Early outcome data for five older children and young adults with XSCID who received the lentivector gene therapy as salvage therapy after having previously received haplo-identical hematopoietic stem cell transplantation as infants without chemotherapy-based conditioning were previously reported and published in Science Translational Medicine.

By 2016, three additional patients were treated, and the cohort of eight patients (referred to as Cohort A) has now been followed for three to seven years. Among Cohort A, gradual clinical benefit in the clearance of chronic norovirus and associated improved abdominal complaints, malabsorption, growth and IgG production were observed, and four patients were able to cease immunoglobulin replacement therapy.

While the results were positive, the relatively inefficient transduction of hematopoietic stem/progenitor cells required large quantities of vector. This resulted in relatively low vector copy numbers in myeloid cells in some patients, with delayed immune cell recovery and persistent clinical disease, especially in the last patient treated (patient 8). To address this, NIH developed a refined enhanced transduction procedure consisting of a single overnight transduction after 48 hours pre-stimulation in cytokines.

The presentation at ASH included data from six patients (referred to as Cohort B) treated by NIH, including re-treatment of patient eight. The patients, who were aged 12 to 36, had significant problems with donor T cell infiltration of liver, bone marrow, and kidneys, and were nearly absent of B and NK cells. The enhanced transduction procedure achieved much greater transduction efficiencies than were observed in Cohort A, with greater than 10-fold less vector, and resulted in faster immune reconstitution and more significant clinical benefit by 3 months.

 Forma Therapeutics Reports Clinical Data for SCD Therapy
Forma Therapeutics reported positive phase 1 results from the healthy volunteer arm of an ongoing study of FT-4202, a novel selective red blood cell pyruvate kinase-R activator in development as a potential disease-modifying therapy for sickle cell disease.

SCD is a progressive, debilitating genetic disease characterized by the sickling of RBCs.

FT-4202 is designed to impact the pathogenesis of SCD with a multimodal approach. First, FT-4202 works upstream by activating the RBCs’ natural PKR activity to decrease 2,3-DPG levels, which lead hemoglobin to hold onto oxygen molecules longer, potentially reducing RBC sickling. Second, the downstream activity of FT-4202 increases ATP levels to potentially improve RBC health and survival. Together, these effects are anticipated to increase hemoglobin levels and decrease the painful vaso-occlusive crises that patients often endure.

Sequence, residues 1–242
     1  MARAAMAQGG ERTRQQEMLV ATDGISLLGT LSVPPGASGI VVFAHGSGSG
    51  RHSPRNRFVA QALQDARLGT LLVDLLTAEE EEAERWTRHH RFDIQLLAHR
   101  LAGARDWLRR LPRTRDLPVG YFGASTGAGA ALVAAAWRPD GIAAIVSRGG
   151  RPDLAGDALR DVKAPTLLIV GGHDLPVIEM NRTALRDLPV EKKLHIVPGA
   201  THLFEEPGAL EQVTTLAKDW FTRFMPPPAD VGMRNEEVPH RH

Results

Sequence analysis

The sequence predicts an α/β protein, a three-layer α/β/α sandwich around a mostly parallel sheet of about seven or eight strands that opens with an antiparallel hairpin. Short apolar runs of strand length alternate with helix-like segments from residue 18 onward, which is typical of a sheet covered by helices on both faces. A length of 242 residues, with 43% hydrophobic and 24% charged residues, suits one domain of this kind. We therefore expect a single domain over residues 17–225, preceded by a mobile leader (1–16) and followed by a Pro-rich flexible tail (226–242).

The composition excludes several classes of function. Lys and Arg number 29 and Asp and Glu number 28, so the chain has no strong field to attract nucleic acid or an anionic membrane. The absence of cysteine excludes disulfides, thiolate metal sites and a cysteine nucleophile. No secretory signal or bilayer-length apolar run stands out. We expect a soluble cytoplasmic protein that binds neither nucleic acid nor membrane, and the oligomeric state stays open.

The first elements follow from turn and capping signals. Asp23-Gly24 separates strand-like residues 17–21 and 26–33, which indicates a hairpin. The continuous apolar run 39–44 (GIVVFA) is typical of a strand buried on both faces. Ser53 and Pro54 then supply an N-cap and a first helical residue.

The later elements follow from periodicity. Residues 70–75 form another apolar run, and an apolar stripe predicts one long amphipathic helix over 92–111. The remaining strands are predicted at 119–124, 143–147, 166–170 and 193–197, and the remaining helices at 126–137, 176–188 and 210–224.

“The safety and tolerability profile observed in this study is exciting, as are the PK/PD data that confirm FT-4202 activates PKR with a simultaneous effect on hemoglobin oxygen affinity and ATP levels in healthy volunteers,” said Patrick Kelly, chief medical officer of Forma Therapeutics. “These data correlate with findings from in vitro studies of blood from patients with sickle cell disease, and we have now identified a well-tolerated dose range with PKR activity lasting up to three days following the last dose.”

FORMA is evaluating FT-4202 in an ongoing phase 1 study to characterize the safety, tolerability, and the pharmacokinetics/pharmacodynamics (PK/PD) of a single ascending dose and multiple ascending doses of FT-4202, first in the recently completed arm in healthy volunteers, and now in patients with sickle cell disease.


Achillion Reports Positive Data from Phase 2 Study of Danicopan in Combination with Eculizumab in PNH Patients
Achillion Pharmaceuticals reported top-line data from a dose-finding phase 2 trial assessing the safety and effectiveness of its oral small molecule factor D inhibitor danicopan (ACH-4471) in combination with intravenous eculizumab in paroxysmal nocturnal hemoglobinuria (PNH) patients who have an inadequate response to C5 monotherapy.

PNH is a rare, acquired blood disease caused by a somatic mutation resulting in the absence of key receptors, CD55 and CD59, on the surface of red blood cells (RBCs). The complement system recognizes these unprotected red blood cells as foreign and destroys them in the circulatory system (intravascular hemolysis [IVH]) and in the liver or spleen (extravascular hemolysis [EVH]). The current standard of care for PNH targets IVH by inhibiting C5 complement protein (C5), leaving some patients with persistent EVH from early phases of complement activation (alternative pathway [AP] activity) which C5 inhibition cannot address. This may leave patients with partial control of their PNH symptoms.